J.R.R. Tolkien’s The Silmarillion sort of ended on a high note. Of course, it’s only high because the last several chapters have been so rough. A happy ending wouldn’t have suited the story anyway. Even when all seems lost between the fall of both Doriath and Gondolin, there is a shining spot of hope and justice. At least we got that. Let’s discuss all the things!
Chapter 22 – The Ruin of Doriath
Given all the foreshadowing and the fact that Thingol was in possession of a Silmaril, Doriath falling was inevitable. I’ve been waiting for the end but what happened was not what I expected. I thought Morgoth would send his forces against Thingol’s realm, and while he did start the ruin, he only pushed over the first domino by releasing Húrin. He’d already laid the necessary groundwork and distrust between Elves and Dwarves, and he only had to sit back and watch.
When Thingol had the Dwarves remake Nauglamír with the Silmaril, I never thought he would die at their hands. I yelled, “What?!” out loud at the page when the Dwarves ganged up on him and slayed him. Then they spread lies and told other Dwarves that Thingol commanded some of their kin to be killed, and that’s all it took. Well, that in combination with Melian leaving Doriath and the Girdle of Melian failing. The city was sacked by Dwarves, and they took Nauglamír and the Silmaril.
Enter Beren and Lúthien who were notified of events by Melian before she left. They got the Silmaril back while their son Dior Eluchíl took over the throne of Doriath and tried to resurrect the kingdom. The Silmaril would not have it though, and when it was sent to Dior after the death of his parents, it awoke the oath of Fëanor’s sons. They attacked Doriath and many died.
The Dwarves Steal the Silmaril by Sergio at DeviantArt
Just a few people who perished in this chapter: Thingol, Dior, Beren, Lúthien, Celegorm, and Caranthir. Some did escape from Doriath though, including Dior’s daughter Elwing. That’s important later.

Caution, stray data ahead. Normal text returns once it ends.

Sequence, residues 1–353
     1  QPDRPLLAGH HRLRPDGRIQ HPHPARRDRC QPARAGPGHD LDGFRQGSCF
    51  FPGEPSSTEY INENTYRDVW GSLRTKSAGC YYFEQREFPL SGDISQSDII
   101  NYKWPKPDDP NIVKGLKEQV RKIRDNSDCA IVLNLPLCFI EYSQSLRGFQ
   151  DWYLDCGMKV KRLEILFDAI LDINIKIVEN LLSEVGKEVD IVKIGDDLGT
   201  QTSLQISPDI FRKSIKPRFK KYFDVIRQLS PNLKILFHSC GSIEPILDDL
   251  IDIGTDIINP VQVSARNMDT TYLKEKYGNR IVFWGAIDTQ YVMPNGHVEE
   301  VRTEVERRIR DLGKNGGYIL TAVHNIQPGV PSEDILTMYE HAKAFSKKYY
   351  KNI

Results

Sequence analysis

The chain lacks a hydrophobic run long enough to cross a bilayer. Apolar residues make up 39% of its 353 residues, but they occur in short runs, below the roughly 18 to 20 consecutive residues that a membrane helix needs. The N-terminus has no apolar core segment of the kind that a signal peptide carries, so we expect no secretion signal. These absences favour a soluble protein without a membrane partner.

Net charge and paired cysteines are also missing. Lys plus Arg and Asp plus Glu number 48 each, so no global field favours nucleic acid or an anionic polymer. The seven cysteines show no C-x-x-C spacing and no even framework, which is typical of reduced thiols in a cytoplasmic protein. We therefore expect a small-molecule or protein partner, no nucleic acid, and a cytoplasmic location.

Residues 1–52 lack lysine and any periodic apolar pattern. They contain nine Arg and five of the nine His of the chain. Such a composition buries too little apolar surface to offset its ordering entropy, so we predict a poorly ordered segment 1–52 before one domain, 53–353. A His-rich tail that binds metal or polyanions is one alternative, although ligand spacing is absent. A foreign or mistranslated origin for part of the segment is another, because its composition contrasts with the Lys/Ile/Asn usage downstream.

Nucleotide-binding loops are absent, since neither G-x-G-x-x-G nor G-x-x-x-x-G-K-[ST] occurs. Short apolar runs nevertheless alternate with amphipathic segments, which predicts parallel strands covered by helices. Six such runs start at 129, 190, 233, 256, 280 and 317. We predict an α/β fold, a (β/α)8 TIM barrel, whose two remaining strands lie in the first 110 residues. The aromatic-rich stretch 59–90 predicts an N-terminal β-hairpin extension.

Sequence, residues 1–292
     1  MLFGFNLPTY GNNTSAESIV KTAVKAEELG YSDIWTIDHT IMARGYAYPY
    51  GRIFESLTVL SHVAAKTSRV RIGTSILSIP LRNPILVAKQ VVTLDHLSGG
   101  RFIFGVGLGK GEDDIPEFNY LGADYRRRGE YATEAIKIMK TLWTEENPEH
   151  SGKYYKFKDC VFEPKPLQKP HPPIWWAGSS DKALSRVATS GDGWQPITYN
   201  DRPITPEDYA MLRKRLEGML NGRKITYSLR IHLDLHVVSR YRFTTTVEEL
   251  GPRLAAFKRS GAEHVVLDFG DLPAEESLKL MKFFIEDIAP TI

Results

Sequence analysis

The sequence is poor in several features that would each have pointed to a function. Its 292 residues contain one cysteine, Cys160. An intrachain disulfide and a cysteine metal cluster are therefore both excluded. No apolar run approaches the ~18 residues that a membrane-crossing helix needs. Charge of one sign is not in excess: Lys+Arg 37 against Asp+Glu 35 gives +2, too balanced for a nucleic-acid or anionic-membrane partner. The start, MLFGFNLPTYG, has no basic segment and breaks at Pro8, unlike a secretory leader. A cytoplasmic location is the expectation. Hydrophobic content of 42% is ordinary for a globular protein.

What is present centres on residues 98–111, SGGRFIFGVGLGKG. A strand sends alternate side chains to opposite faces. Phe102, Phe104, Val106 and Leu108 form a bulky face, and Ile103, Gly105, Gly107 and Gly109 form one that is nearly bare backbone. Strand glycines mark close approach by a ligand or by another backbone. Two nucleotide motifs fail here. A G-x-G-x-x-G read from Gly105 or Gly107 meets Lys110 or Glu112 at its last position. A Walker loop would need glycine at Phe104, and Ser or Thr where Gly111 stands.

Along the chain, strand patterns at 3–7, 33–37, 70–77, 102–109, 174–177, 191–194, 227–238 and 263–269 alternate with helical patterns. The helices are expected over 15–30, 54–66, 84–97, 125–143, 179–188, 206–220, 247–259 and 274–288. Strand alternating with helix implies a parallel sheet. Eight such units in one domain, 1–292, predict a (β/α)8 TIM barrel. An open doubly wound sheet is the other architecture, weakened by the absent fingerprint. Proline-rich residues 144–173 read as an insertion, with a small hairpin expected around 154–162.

Chapter 23 – Of Tuor and the Fall of Gondolin
Spoiler: things don’t look up. Tuor, son of Huor, sort of becomes Ulmo’s Chosen One. The Valar gives Tuor a cloak of invisibility and gets him to the secret city of Gondolin. It’s miraculously still hidden from Morgoth, but that doesn’t last. Before the story goes in the direction of tragic though, Tuor lives a time in Gondolin, marries Turgon’s daughter Idril (yeah, Maeglin is ticked about this), and they bear a son named Eärendil.
Ulmo warned Turgon that they should all leave the city, and he ignored him like a fool. He tried to protect his realm by blocking up the only entrance, but there were ways around that and eventually that led to Maeglin being captured by the Orcs. I was surprised his heart had turned so black that he was willing to betray what had essentially become his family so quickly. That was hard to read.
While some escaped with Eärendil and Idril through a secret path that Idril thankfully created, Gondolin was wrecked. Even their path out was fraught with trouble as Glorfindel had to battle a Balrog (both died). Those who did make it out came upon the survivors of Doriath, including Elwing. For those of you playing at home, she has the Silmaril.
One of the most touching scenes in this chapter was Ulmo’s trip to Valinor. He spoke for the people of Beleriand and asked the Valar to fight Morgoth. They didn’t jump at his pleas. Not yet.
Chapter 24 – Of the Voyage of Eärendil and the War of Wrath